The legal action was revealed earlier this week. It asserts that Roxio is infringing Optima's patent for a "Recordable CDROM Accessing System," software that enables users to burn photographs, music, video and data onto recordable CD's. Optima is seeking unspecified damages, royalties and legal fees from Roxio.
Optima Technology's legal brief, Robert Lyon said: "Companies like Roxio, selling or using the software that Optima wrote, without a license from Optima, shall be required to compensate them for their lost revenues. Optima believes most every company in the CD burner industry may be infringing."
Roxio's response follows: "We are aware of the Optima patent and the claims within and believe that any claim of infringement by Roxio's software products is utterly without merit.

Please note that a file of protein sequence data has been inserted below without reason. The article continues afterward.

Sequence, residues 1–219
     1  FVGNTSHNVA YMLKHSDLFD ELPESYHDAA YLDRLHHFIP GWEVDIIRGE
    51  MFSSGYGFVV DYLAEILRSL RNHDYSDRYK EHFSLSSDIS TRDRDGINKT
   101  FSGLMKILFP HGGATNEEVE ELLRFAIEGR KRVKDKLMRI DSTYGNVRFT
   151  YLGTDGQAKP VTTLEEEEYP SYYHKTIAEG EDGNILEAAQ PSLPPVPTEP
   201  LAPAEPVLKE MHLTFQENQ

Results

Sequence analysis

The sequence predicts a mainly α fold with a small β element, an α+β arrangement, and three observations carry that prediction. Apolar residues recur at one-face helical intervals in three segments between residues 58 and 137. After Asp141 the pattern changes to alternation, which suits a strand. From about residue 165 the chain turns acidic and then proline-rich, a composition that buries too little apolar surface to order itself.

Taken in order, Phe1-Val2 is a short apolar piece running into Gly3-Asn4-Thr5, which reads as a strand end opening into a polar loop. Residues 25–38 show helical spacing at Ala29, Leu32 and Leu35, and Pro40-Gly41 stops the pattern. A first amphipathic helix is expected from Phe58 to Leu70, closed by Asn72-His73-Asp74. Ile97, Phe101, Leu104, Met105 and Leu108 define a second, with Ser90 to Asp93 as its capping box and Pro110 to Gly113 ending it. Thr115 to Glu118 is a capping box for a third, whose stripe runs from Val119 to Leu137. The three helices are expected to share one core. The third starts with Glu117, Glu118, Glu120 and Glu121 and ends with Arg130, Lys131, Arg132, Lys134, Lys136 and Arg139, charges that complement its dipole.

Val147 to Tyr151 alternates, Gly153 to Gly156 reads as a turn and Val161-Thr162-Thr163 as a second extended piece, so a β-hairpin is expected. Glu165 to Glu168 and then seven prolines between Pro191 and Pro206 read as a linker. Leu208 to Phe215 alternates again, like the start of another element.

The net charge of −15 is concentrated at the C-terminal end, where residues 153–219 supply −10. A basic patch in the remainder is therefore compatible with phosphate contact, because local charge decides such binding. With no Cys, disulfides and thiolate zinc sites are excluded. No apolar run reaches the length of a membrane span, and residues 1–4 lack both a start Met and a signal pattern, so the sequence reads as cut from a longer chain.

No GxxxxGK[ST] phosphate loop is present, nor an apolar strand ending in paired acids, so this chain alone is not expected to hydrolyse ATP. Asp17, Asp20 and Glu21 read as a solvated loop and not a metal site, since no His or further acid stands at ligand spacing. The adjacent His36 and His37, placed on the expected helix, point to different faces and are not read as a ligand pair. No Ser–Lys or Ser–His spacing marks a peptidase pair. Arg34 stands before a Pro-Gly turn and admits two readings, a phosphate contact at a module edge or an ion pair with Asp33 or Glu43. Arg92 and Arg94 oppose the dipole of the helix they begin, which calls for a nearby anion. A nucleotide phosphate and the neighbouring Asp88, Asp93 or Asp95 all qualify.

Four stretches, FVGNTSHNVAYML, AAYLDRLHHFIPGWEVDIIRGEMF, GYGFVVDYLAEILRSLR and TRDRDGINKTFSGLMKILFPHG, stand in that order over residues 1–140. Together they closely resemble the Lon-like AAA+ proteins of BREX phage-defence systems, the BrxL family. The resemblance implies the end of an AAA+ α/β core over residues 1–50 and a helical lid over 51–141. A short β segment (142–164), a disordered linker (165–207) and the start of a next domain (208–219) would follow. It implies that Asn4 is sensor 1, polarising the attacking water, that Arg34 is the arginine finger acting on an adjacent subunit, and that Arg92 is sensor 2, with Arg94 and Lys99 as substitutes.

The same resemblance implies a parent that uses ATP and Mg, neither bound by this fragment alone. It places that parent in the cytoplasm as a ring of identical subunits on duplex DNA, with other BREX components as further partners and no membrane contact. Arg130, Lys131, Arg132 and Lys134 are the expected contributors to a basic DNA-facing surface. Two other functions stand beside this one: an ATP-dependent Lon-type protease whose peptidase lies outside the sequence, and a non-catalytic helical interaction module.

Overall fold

"At Roxio, we respect the legitimate intellectual property rights of others but in this instance there is no colourable argument that the claims set forth in the patent read on any Roxio products."
It presently appears the case will go to court. Roxio said: "We intend to aggressively defend ourselves in this litigation."